[ISN] Microsoft to tap VeriSign for security

From: InfoSec News (isnat_private)
Date: Tue Jul 10 2001 - 02:01:02 PDT

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    By The Associated Press
    Special to CNET News.com 
    July 9, 2001, 9:20 p.m. PT 
    SEATTLE--Microsoft will enlist VeriSign to help provide security for
    its planned set of Internet services called .Net, the companies were
    scheduled to announce Tuesday.
    Financial terms of the deal were not disclosed.
    Microsoft has been hounded by concerns over privacy and security since
    announcing plans to release .Net and HailStorm, a related set of paid
    subscription services ranging from banking to making dental
    appointments over the Internet.
    The system will depend on customers' willingness to store personal
    information including credit card numbers and personal calendars via a
    Microsoft system called Passport.
    Passport was originally introduced as a system for remembering
    multiple Web site log-ons across the Internet and is now shaping into
    a cornerstone to storing personal information needed for .Net.
    Through this deal, VeriSign will provide additional "digital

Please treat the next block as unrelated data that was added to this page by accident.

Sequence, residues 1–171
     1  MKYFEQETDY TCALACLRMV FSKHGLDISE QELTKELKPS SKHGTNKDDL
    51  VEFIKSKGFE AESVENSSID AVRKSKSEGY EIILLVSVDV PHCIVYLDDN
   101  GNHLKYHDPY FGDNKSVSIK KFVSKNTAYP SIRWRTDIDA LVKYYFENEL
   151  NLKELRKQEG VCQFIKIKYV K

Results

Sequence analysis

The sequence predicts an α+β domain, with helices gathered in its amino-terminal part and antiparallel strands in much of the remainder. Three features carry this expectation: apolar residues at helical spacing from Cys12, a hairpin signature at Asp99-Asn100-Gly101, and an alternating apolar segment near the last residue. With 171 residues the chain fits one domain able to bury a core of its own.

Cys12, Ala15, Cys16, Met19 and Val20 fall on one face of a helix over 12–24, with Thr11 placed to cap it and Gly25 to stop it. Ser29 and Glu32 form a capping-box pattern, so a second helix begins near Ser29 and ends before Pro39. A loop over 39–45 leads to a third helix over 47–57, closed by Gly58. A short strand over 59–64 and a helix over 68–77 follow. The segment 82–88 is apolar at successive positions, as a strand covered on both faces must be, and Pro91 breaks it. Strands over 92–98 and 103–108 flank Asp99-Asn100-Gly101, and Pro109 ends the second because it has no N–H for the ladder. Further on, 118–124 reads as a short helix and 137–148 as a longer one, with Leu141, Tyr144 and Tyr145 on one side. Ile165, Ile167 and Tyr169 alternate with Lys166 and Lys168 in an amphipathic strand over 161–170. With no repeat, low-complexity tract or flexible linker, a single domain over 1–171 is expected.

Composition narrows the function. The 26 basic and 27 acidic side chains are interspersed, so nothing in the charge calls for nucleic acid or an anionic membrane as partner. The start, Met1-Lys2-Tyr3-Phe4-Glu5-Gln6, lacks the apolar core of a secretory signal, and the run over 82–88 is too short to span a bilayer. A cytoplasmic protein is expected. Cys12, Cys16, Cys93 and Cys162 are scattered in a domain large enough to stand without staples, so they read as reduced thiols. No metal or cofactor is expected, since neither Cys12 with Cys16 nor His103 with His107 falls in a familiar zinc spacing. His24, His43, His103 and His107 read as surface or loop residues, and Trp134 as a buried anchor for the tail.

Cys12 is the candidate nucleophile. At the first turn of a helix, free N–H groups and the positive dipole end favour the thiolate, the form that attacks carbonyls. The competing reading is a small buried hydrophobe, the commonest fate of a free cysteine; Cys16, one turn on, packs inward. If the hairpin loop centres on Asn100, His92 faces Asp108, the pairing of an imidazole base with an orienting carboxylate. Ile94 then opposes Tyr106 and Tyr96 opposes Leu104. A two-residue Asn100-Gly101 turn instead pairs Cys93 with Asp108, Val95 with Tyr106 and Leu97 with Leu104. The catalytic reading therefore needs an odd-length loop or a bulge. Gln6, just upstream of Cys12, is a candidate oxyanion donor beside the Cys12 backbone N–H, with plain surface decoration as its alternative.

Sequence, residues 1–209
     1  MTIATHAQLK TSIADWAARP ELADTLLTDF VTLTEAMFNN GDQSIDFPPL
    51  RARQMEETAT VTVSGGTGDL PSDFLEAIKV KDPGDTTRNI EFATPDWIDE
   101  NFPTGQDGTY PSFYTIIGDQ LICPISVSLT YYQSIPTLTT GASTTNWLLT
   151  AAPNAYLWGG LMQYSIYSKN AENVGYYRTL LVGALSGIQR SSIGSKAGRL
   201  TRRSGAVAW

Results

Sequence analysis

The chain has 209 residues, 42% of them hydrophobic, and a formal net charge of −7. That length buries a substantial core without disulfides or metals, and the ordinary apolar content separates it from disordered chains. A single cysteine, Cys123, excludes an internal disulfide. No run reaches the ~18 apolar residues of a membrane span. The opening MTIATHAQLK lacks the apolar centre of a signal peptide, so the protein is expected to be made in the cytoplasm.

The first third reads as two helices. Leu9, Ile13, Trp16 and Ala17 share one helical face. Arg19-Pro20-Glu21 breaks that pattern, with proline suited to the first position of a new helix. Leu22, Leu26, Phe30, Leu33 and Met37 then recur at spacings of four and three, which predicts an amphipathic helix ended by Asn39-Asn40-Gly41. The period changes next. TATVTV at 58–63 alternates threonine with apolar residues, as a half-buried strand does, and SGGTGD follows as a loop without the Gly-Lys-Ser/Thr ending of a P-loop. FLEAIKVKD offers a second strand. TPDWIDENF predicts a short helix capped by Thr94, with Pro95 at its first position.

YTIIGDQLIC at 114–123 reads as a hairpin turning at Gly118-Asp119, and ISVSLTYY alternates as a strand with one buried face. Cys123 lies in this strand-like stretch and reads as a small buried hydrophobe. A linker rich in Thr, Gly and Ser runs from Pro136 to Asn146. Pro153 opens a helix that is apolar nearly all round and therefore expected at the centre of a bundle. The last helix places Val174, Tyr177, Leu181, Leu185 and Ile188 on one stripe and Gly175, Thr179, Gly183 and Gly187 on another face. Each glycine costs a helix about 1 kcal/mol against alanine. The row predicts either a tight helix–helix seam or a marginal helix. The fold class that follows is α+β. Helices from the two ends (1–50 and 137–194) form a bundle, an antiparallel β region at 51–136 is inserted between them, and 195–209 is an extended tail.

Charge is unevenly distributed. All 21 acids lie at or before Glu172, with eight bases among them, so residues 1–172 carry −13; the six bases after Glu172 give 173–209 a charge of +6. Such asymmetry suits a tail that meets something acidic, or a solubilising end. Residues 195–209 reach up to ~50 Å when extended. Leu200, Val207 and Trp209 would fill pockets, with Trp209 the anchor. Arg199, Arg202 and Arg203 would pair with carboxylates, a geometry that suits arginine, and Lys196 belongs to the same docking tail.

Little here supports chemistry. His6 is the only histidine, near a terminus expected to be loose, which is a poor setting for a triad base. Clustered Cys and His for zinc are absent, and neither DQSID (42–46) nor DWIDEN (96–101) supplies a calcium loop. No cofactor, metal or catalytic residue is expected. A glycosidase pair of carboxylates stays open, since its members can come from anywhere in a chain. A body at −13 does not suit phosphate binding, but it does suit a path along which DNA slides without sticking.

certificates" over the Passport system for certain transactions
    requiring extra security, such as bank transfers, the companies said.
    Those customers who use Microsoft's Windows desktop operating system
    will find that the two services can be linked, said Microsoft Vice
    President Sanjay Parthasarathy, with the digital certificates stored
    on the operating system. Others will be able to store their
    certificates in areas designated by VeriSign, based in Mountain View,
    The companies are touting the ease of this system, saying the added
    security won't necessarily require that users use an extra password.
    "The issue you deal with is that customers want ease of use but they
    also want higher levels of trust," VeriSign President and Chief
    Executive Stratton Sclavos said. "Before those two things were
    mutually exclusive, but now they can be as simple as one password."
    But Sclavos acknowledged that providing the extra security without an
    extra log-on could backfire because it requires that a potential
    hacker know only one password to access a broad array of personal
    "It needs to scale with the level of risk," he said.
    The non-exclusive deal will allow both companies to partner with other
    enterprises, Parthasarathy said.
    Microsoft previously announced a partnership with McAfee.com, based in
    Sunnyvale, Calif., to provide personal firewall security services for
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